Corey Kilgannon wrote an excellent article and Tyler Hicks (whose work is sampled above) captured amazing images of the bicycle sound systems build in Queens, NY by young immigrants from Trinidad and Guyana.
Unwieldy, costly, and loud, these home-fashioned portable sound systems recalled for me the vivid descriptions of the Jamaican sound systems of the 1950s in Dick Hebdige's Cut 'N' Mix: Culture, Identity and Caribbean Music. The men building the bikes in Queens play "Caribbean beats," according to Mr. Kilgannon, but the early Jamaican sound systems were devoted to American RnB music brought over from the United States.
As the years passed, the demand for black American RnB in Jamaica grew stronger. But there were no local groups who could play the music competently. So large mobile discotheques called "sound systems" were set up to supply the need. The sound systems played imported RnB records at large dances which were held in hired halls or out in the open in the slum yards. The music had to be heavily amplified at these venues if it was to convey the right sense of conviction. And if people were to dance they had to hear the bass, which carried the important "shuffle" rhythm. So the systems got bigger, louder and "heavier" (Hebdige, 1987).
The systems grew so large, loud, and bass-heavy, in fact, that Junior Lincoln, a Jamaican record producer, remarked, "You've never heard anything so heavy in all your life" (Hebdige, 1987). The early sound systems were built and run with money making in mind, drawing huge paying crowds. But as reggae music developed as a Jamaican sound, the sound system returned as a potent means of expression. Hebdige explained,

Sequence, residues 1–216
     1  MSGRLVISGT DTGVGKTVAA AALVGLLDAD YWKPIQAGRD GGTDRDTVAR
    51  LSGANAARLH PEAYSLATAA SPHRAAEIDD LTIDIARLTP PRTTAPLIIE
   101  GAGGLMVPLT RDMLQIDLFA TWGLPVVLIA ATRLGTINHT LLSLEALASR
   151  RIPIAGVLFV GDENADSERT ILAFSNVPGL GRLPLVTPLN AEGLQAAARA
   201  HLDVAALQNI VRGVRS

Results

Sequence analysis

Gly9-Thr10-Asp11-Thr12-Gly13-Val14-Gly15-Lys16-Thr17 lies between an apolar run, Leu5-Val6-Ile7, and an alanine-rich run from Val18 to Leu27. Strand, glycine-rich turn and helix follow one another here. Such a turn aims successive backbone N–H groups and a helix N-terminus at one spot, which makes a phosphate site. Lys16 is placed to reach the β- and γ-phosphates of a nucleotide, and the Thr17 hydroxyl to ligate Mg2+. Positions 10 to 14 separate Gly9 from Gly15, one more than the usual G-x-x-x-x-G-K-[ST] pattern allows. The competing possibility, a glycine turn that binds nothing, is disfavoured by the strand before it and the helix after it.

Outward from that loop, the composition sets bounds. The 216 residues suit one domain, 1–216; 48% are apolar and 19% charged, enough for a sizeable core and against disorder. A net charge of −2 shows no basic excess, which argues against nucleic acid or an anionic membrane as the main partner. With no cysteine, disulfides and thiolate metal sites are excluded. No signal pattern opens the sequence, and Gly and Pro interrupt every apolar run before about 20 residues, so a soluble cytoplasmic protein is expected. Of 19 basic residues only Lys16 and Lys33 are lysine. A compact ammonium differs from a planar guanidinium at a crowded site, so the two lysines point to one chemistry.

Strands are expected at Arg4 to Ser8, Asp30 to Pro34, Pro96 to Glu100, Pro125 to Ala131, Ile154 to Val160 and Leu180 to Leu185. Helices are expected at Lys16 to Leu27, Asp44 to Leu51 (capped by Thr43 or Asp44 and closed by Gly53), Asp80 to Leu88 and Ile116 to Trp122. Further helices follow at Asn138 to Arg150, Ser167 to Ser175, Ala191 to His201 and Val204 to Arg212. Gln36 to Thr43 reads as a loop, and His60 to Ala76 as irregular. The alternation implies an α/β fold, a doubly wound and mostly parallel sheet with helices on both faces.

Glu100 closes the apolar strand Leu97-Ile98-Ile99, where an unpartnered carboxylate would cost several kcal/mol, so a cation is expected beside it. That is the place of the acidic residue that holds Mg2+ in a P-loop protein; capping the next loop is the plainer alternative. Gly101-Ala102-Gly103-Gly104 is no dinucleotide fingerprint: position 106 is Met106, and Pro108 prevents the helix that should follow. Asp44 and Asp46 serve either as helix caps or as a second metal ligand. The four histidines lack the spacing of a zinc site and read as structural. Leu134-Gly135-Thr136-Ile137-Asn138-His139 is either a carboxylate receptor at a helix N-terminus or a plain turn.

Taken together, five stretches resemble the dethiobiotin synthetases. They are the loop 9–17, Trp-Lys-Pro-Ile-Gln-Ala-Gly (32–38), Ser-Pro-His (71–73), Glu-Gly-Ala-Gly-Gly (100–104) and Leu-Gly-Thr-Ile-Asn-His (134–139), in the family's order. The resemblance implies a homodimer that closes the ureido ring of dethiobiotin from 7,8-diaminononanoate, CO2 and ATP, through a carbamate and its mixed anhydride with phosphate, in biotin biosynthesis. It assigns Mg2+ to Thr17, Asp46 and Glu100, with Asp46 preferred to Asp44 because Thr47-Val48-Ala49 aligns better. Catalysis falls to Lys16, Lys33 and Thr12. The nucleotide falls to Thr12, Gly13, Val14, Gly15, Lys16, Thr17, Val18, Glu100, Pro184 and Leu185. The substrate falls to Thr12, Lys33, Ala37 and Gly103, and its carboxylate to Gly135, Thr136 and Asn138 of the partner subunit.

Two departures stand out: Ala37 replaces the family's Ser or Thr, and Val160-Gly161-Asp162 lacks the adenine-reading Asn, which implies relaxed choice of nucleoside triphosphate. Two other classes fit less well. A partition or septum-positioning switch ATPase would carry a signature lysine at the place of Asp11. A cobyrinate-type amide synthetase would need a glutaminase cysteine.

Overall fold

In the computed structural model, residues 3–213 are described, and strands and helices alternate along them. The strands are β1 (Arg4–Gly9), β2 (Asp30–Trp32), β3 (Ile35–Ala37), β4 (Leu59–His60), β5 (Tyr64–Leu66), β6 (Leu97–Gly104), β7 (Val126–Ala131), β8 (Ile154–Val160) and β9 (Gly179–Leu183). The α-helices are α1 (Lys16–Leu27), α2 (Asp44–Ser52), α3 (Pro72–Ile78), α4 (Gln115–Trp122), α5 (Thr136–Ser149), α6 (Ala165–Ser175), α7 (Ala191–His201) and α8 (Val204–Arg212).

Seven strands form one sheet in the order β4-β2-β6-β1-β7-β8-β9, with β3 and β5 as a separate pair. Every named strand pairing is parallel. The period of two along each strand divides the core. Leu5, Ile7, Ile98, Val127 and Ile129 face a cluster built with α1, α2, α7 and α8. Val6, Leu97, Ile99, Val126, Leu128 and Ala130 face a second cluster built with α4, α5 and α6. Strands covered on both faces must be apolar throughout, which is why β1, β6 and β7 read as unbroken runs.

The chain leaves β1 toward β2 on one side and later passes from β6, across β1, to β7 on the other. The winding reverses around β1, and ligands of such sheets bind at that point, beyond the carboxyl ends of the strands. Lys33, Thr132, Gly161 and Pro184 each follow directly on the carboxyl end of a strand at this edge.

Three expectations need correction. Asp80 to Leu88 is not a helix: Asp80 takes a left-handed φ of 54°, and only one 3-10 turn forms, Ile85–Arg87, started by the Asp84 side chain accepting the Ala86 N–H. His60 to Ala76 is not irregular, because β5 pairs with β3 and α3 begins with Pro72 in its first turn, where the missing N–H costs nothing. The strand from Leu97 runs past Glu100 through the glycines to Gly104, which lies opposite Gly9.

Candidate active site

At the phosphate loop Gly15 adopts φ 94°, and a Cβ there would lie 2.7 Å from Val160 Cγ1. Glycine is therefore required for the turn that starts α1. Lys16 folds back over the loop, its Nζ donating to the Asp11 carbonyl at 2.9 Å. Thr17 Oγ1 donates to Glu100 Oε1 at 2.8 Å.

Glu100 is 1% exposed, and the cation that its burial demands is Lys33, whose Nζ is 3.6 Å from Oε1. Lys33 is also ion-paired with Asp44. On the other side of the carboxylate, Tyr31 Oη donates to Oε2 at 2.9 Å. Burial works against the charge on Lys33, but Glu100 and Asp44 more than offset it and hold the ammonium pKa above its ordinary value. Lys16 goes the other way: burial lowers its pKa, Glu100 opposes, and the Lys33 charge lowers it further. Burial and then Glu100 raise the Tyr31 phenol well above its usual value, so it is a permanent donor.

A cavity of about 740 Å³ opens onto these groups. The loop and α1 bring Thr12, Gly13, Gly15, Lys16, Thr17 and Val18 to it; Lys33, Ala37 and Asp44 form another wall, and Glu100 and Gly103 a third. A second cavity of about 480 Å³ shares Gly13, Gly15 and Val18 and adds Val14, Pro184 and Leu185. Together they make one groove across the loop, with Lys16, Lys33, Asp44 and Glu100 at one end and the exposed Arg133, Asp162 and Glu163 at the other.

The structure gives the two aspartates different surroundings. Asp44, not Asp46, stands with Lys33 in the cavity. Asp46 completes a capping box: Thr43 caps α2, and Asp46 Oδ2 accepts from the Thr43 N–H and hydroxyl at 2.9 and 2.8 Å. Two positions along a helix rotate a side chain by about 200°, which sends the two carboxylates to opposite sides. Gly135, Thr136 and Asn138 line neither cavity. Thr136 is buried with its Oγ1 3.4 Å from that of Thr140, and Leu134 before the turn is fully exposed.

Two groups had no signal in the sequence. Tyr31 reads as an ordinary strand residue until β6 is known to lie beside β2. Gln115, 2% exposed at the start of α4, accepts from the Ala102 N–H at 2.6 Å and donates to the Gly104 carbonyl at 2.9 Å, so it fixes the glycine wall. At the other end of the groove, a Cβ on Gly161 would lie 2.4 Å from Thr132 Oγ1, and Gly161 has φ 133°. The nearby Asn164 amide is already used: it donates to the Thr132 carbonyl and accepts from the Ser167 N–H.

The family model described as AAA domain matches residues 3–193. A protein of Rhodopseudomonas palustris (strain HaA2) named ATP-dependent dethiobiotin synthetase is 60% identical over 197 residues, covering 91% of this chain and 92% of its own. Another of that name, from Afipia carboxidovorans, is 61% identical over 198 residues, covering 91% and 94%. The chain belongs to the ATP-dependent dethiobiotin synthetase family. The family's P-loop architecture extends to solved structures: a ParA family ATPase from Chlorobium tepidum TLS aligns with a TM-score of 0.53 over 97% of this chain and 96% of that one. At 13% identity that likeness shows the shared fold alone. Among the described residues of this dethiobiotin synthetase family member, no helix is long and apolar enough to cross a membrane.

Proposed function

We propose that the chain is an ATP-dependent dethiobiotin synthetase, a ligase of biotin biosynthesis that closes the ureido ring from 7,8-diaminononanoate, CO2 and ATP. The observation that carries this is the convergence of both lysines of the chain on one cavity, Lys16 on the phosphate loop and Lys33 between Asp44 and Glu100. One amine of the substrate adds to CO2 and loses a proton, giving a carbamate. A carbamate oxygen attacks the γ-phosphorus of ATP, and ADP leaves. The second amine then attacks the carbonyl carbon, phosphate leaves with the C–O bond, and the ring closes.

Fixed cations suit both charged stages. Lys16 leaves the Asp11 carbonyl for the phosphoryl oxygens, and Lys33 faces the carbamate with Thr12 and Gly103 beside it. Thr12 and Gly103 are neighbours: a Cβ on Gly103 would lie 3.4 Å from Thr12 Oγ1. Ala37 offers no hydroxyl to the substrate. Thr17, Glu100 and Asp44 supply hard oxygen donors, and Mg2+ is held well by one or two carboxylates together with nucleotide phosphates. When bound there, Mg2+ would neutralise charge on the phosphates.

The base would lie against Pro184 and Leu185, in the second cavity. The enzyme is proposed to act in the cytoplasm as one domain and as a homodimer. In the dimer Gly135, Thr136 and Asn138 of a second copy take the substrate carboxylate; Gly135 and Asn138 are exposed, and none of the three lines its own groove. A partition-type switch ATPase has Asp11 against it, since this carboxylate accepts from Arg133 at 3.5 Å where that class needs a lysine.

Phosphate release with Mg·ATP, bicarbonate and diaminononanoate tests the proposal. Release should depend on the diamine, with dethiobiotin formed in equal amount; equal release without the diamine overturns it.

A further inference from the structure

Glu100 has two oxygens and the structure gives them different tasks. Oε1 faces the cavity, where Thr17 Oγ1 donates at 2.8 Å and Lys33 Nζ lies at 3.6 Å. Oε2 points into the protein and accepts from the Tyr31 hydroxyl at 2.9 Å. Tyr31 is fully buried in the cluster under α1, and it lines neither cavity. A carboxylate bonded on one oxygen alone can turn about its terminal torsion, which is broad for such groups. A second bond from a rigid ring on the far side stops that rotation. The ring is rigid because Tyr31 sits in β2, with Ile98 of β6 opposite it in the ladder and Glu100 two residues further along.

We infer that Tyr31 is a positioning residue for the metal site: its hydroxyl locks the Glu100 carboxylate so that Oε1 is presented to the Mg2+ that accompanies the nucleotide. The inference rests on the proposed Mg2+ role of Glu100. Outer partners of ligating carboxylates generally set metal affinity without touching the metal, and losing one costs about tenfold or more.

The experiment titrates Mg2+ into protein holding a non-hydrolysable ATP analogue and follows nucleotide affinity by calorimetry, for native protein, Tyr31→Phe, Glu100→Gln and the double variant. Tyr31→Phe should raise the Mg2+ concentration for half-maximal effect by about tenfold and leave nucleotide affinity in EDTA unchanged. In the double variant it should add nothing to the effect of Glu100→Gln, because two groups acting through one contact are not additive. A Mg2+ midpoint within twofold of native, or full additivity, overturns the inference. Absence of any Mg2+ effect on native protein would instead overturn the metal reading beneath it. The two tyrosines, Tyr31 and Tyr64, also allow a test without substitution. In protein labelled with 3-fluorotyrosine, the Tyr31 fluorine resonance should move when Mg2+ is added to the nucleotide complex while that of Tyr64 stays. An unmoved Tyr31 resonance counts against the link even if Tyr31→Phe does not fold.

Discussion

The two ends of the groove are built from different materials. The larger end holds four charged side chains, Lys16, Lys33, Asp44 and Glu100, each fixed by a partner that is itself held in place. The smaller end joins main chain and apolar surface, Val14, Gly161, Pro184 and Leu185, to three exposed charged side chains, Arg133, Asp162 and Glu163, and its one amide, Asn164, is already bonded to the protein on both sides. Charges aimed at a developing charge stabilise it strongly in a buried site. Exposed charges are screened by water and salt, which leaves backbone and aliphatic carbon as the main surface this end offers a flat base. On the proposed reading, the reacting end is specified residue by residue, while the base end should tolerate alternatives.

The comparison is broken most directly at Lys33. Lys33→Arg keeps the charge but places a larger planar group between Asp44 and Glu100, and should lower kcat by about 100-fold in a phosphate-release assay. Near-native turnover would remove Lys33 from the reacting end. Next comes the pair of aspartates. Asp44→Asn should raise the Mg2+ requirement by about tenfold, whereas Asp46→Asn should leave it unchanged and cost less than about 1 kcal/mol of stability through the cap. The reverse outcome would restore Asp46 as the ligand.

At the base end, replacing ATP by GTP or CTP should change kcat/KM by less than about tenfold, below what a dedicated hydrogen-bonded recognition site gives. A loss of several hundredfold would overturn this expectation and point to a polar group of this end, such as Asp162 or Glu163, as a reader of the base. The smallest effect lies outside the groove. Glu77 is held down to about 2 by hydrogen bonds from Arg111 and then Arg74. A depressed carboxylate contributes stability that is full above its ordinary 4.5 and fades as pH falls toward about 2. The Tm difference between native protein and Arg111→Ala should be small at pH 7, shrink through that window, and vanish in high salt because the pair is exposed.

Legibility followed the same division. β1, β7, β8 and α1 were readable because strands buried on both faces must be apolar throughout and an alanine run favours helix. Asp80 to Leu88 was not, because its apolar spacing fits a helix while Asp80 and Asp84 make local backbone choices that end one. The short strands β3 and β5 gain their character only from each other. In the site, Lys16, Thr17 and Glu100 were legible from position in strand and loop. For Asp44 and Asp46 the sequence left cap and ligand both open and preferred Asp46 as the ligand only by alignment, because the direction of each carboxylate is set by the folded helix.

The sound system provides an opportunity for the grassroots people to talk back, to respond, to choose what they like and don't like. At the blues dances, the people can dictate the dj's choice of sounds. And each sound system has its own toasting heroes who can express the feelings of the crowd (1987).
It is very interesting to me that these men in Queens are blaring their Caribbean beats, interspersed with some American favorites: they are using the sound system as a means of cultural pride and identity rather than playing on it the music of the colonialists, like the Jamaicans of the early 1950s. It would appear that the sound system that reggae developed in the mid-1970s and which allowed for expression of a cultural form of music has carried on in this path and continued to develop as a means of expressing one's heritage through music, in this case songs from Trinidad, Guyana, and elsewhere in the Caribbean.